Two major space companies are joining forces to make a commercial successor to the ISS a reality.
On Tuesday, Voyager Space and Airbus Defence and Space announced a joint venture to build and operate Starlab, a LEO space station designed by Nanoracks, a department of Voyager Space.
“The International Space Station is widely regarded as the most successful platform for global cooperation in space history,” Voyager Space President Matthew Kuta said in a statement. “We are establishing this joint venture to reliably meet the known demand from global space agencies while opening new opportunities for commercial users.”
Some context: If this news sounds a bit familiar, it’s because Airbus and Voyager announced in January that Airbus would offer technical design support for Starlab. Now, the company is taking on a bigger role by having a hand in also building and operating the station.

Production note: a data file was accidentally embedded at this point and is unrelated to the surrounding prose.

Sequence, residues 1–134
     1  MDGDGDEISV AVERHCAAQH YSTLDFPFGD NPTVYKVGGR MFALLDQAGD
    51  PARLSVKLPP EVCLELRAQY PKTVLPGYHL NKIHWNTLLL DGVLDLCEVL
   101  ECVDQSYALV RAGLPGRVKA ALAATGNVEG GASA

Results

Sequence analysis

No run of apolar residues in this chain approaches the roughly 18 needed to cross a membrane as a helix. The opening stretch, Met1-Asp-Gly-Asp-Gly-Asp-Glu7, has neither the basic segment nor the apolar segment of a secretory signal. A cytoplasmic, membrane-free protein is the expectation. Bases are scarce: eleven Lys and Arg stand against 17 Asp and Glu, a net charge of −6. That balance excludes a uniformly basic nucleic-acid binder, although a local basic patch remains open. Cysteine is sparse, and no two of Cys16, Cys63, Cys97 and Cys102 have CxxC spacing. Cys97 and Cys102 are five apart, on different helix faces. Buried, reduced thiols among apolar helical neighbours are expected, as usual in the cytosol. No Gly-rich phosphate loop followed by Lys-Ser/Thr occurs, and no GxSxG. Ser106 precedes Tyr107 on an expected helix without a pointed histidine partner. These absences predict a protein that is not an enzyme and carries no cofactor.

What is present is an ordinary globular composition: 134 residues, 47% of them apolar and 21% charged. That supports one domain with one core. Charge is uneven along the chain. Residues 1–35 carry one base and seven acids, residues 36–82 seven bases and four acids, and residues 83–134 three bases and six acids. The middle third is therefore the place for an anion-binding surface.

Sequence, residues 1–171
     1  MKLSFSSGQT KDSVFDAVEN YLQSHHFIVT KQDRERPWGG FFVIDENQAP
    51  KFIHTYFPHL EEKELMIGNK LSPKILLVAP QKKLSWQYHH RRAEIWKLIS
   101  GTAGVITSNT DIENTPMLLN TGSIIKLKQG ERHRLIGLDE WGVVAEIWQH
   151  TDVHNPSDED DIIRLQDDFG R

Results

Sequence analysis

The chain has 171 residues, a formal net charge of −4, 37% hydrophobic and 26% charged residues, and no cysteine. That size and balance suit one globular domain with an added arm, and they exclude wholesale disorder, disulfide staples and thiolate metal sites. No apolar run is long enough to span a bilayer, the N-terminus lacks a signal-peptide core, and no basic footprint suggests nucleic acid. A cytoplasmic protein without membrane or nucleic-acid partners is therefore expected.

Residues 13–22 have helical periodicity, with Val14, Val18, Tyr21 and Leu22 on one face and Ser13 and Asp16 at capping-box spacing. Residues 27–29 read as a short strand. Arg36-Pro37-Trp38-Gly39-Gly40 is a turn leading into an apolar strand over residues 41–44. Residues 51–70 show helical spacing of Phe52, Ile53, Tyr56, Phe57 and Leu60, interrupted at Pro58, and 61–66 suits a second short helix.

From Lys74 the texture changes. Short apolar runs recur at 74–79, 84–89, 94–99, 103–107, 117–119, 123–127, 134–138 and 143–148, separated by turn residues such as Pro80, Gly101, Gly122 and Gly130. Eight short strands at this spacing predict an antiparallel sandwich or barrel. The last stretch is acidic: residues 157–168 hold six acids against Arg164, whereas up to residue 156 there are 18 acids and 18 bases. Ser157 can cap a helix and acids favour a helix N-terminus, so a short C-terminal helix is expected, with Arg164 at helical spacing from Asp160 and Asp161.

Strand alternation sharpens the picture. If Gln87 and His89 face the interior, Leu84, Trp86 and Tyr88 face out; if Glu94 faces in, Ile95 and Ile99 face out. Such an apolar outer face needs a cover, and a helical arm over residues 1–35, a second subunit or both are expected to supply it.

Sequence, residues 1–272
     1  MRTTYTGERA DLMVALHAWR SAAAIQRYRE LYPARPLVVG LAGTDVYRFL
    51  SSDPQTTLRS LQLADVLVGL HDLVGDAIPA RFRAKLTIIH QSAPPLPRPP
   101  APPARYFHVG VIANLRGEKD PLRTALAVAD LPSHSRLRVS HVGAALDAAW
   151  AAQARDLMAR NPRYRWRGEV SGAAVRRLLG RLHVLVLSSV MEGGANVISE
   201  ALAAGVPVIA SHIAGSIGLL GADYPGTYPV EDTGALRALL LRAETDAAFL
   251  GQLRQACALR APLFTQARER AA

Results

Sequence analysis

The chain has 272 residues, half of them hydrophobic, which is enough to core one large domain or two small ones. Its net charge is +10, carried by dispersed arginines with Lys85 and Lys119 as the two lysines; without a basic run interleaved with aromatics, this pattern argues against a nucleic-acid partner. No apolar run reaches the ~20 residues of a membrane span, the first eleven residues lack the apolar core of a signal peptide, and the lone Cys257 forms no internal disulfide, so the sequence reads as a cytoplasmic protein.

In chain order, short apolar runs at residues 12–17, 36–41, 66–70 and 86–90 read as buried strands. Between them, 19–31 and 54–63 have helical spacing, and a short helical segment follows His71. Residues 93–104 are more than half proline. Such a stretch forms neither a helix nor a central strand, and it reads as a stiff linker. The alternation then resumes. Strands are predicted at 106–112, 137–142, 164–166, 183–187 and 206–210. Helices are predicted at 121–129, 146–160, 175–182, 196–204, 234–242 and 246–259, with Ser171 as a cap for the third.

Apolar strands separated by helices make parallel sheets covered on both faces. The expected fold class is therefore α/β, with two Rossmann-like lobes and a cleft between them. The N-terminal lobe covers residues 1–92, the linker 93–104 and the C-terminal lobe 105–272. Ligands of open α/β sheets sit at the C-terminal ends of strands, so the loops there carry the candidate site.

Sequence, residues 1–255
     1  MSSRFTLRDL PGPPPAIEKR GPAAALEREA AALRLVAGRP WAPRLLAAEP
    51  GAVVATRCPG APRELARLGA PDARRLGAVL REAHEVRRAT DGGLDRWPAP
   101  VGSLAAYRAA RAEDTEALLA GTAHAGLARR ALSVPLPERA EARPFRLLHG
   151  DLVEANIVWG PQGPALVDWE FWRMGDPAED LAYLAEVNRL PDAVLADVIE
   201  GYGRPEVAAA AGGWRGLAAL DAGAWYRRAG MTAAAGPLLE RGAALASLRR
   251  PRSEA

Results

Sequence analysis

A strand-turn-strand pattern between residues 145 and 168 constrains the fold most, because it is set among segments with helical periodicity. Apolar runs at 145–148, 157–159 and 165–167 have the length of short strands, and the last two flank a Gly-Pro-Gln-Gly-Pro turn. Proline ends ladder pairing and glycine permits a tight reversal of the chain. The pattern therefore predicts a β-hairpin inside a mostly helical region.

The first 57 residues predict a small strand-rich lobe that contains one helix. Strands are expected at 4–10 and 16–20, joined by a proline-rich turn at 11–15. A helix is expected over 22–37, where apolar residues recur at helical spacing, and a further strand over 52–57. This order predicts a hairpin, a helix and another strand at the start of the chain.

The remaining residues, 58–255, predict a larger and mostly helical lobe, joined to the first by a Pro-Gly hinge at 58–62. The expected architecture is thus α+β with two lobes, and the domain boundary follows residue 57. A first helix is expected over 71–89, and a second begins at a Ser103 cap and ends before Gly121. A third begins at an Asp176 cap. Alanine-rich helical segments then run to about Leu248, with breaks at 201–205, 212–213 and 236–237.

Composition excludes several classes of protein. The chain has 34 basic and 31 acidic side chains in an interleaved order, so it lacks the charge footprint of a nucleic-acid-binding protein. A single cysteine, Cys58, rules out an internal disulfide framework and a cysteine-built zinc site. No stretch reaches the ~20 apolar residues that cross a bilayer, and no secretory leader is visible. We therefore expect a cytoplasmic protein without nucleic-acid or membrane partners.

The station is expected to be operational by 2028, and it’s inching closer to that goal: back in June, Starlab passed its systems requirement review, which proved its ability to meet NASA’s mission readiness and safety baseline requirements.
A commercial future: The future of space is looking a lot different than it did when the ISS launched in the ‘90’s. Now, space stations need to hold up to more use cases in commercial space exploration (movies in space, anyone?). We’re living in a world—ahem, universe—where countries could access space without an enormous upfront investment, or tourists could spend a couple nights among the stars.
Starlab, which is partially funded by a $160M space act agreement with NASA, is expected to be able to hold four people and will be used to conduct scientific research.
More to come: Starlab isn’t the only commercial space station in the works. Blue Origin received $130M From NASA for its space station, Orbital Reef, and Northrop Grumman nabbed $125.6M from the space agency for an unnamed space station.